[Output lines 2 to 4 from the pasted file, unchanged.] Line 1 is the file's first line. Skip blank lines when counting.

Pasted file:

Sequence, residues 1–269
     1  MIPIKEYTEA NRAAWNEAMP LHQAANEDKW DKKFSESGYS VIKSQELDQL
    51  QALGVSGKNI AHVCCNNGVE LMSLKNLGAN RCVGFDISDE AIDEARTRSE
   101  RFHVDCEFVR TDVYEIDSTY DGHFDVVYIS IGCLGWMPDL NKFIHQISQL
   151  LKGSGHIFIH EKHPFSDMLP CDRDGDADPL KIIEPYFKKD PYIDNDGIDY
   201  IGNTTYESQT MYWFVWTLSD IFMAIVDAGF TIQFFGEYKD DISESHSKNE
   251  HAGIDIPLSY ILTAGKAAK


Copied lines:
     1  MIPIKEYTEA NRAAWNEAMP LHQAANEDKW DKKFSESGYS VIKSQELDQL
    51  QALGVSGKNI AHVCCNNGVE LMSLKNLGAN RCVGFDISDE AIDEARTRSE
   101  RFHVDCEFVR TDVYEIDSTY DGHFDVVYIS IGCLGWMPDL NKFIHQISQL